Author: Janina Scarlet, PhD

Losing a parent can be devastating. Losing a parent and a sibling in one week can be excruciating. That is exactly what happened to “Joe” (not real name), after his father and brother both died a few days apart, following a car crash.

Experiential avoidance is an attempt to mitigate or evade contact with unwanted psychological events. Experiential avoidance becomes clinically relevant if it promotes acting in an unhealthy manner or prevents moving in valued directions and toward meaningful outcomes.

Notice that we used the tenuous word “attempt” in defining experiential avoidance. It’s important to understand that actions aimed at reducing contact with private events—such as emotions, sensations, and feelings—don’t ensure that these events will go away or won’t arise again. In fact, avoidance moves might eventually exacerbate the problematic repertoire.


The discoverer helps us push out to the edges and learn through trial and error.

Harnessing the power of the discoverer is one of the coolest aspects of DNA-v, the youth model of acceptance and commitment therapy (ACT). Step inside the discoverer with me for a moment, and imagine it for yourself.

You are a baby discoverer. One day at meal time you push that sippy cup right to the edge of the highchair tray, watch it fall to the floor, and listen to the pleasing clatter. Your parent laughs, picks it up, and places it back on the tray.

Exposure therapy is a behavioral treatment that involves gradually approaching a feared situation in a controlled and systematic manner. Exposure therapy is used to treat anxiety disorders, obsessive-compulsive and related-disorders, posttraumatic stress disorder, as well as other anxiety-related problems (Abramowitz, Deacon, & Whiteside, 2011; Nathan & Gorman, 2015).

Contextual behavioral science (CBS) is based in an evolutionary perspective of behavior. Behavior varies and is selected for continuation or repetition according to its functionality in serving the organism’s goals. Variation in behavior occurs through learning.

Humans are unique in their capacity to make use of arbitrary symbols as cues to transform how they respond to events. However, in order to talk about that, we have to  briefly mention the more ancient processes of respondent and operant learning.


Emerging from the CBS (cognitive behavioral science) and ACT (acceptance and commitment therapy) literature as a set of evidence-based psychotherapy processes, psychological flexibility involves the development of expanding and adaptive behavioral repertoires that can be maintained in the presence of distressing events that typically narrow behavioral repertoires.

Before you begin using ACT (acceptance and commitment therapy) with your clients, it’s best to have a good sense of the entire ACT (acceptance and commitment therapy) model. This includes knowing a variety of core metaphors and exercises you can use and having a working understanding of the basic theory.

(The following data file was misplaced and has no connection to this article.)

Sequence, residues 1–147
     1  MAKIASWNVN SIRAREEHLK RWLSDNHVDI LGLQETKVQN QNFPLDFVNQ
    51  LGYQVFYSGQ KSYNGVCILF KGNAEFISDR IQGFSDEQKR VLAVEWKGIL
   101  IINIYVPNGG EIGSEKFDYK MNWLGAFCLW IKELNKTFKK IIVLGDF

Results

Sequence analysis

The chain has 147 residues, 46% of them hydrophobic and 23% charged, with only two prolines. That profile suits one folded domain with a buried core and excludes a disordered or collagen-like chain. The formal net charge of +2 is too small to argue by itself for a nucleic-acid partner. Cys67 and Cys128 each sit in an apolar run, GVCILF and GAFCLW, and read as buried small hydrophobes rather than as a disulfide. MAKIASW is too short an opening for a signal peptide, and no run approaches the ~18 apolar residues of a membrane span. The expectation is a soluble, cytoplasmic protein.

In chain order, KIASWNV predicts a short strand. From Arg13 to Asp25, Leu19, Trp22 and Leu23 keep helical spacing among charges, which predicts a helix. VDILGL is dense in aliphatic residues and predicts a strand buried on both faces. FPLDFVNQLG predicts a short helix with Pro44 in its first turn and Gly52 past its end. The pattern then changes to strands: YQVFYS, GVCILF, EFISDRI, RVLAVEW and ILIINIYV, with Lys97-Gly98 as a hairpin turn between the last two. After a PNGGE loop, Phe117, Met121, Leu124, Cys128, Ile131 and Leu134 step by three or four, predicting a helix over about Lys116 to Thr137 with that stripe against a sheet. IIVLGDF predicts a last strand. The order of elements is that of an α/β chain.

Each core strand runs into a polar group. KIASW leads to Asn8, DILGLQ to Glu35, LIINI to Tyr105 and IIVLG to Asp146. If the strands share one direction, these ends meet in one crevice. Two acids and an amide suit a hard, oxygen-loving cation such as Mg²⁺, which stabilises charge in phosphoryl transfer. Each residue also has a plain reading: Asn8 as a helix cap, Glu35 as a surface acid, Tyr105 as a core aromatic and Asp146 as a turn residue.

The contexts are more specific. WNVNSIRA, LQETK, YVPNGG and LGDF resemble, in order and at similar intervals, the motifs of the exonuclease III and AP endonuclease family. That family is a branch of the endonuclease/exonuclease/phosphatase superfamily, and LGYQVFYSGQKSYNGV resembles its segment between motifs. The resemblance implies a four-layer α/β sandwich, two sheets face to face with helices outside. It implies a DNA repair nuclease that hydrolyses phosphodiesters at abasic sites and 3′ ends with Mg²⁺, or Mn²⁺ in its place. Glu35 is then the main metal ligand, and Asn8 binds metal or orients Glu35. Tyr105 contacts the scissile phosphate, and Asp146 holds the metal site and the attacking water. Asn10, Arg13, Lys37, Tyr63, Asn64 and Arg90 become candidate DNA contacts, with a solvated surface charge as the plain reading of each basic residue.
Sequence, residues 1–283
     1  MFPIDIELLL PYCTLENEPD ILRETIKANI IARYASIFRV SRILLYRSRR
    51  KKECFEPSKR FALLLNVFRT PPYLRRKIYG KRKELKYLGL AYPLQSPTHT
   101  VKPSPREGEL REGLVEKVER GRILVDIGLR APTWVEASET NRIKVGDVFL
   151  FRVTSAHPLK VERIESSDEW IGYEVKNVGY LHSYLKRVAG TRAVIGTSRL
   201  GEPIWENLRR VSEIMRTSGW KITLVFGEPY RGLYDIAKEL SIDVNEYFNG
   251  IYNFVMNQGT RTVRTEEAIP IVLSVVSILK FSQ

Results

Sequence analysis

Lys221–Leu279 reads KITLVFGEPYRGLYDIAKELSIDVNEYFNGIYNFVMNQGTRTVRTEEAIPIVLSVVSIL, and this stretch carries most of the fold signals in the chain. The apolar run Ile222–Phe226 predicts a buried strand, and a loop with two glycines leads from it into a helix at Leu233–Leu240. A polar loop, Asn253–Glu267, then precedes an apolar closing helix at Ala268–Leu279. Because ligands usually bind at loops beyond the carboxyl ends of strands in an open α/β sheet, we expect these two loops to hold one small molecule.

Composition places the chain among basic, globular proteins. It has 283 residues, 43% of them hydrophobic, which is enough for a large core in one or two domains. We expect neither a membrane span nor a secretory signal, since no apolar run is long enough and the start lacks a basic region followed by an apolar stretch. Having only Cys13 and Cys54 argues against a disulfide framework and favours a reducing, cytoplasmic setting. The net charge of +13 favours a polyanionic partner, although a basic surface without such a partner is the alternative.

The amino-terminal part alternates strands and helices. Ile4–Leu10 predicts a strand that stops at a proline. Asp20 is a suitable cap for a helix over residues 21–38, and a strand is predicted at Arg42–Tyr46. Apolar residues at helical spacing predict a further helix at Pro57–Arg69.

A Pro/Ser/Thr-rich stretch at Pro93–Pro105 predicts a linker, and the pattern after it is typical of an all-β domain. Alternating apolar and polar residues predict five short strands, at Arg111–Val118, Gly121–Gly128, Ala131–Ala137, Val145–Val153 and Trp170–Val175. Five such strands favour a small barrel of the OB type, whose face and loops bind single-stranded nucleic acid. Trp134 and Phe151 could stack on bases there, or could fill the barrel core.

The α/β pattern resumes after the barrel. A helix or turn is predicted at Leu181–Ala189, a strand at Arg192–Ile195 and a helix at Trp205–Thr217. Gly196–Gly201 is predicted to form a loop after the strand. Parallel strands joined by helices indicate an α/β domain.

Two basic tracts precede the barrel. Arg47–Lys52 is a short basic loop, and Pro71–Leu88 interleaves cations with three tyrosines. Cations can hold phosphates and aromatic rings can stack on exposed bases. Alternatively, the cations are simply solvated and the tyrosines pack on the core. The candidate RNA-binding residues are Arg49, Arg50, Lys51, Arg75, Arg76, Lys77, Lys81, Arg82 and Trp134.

The flexibility processes—acceptance, defusion, committed action, self-as-context, values, present moment awareness—are sometime presented as if they were separate. However, they are actually interdependent. Thus it’s important to allow time for a period of growth with the theory and therapy. Lacking a basic understanding of one process could lead to difficulties in implementing other processes, as well as confusion and dead ends in therapy.

Have you ever wanted to be a Superhero? To have magical powers like Harry Potter or to have superpowers like Superman or Wonder Woman?

My name is Janina Scarlet. I was born and raised in Ukraine. When I was just a few months shy of my third birthday, there was a massive nuclear explosion a few cities away from us at the Chernobyl Nuclear Power Plant. This event forever changed my life.

My immune system was severely weakened due to radiation exposure. I would get sick very easily.  I got frequent nosebleeds, which wouldn’t clot. I spent many years in and out of the hospital.. A side effect which still affects me to this day is that whenever the weather changes, I experience severe migraines, and sometimes seizures.

Clinicians experienced in treating obsessive-compulsive disorder (OCD) are likely to be familiar with the use of cognitive behavioral therapy (CBT) as the primary treatment approach.  This highly effective treatment typically consists of three basic protocols:

  • psychoeducation about the disorder

  • cognitive interventions that challenge distorted ways of thinking about experiences

  • behavioral interventions, namely, exposure and response prevention (ERP), which involves confronting obsessive fears intentionally and resisting related compulsive physical and mental acts.


These are all buzzwords that have become more and more present in our national discourse in recent years. Within the mental health field, however, these discussions have been written about and researched for decades. In fact, there have been multiple taskforces, divisions, and guidelines developed to integrate multicultural competence in the provision of mental health services and research. Yet, there appears to be lingering challenges in translating the call for multicultural competence from literature to practice. Illuminating the greatest challenges to being or becoming a culturally competent therapist allows for strategic planning to ameliorate such barriers in ethical and effective care.


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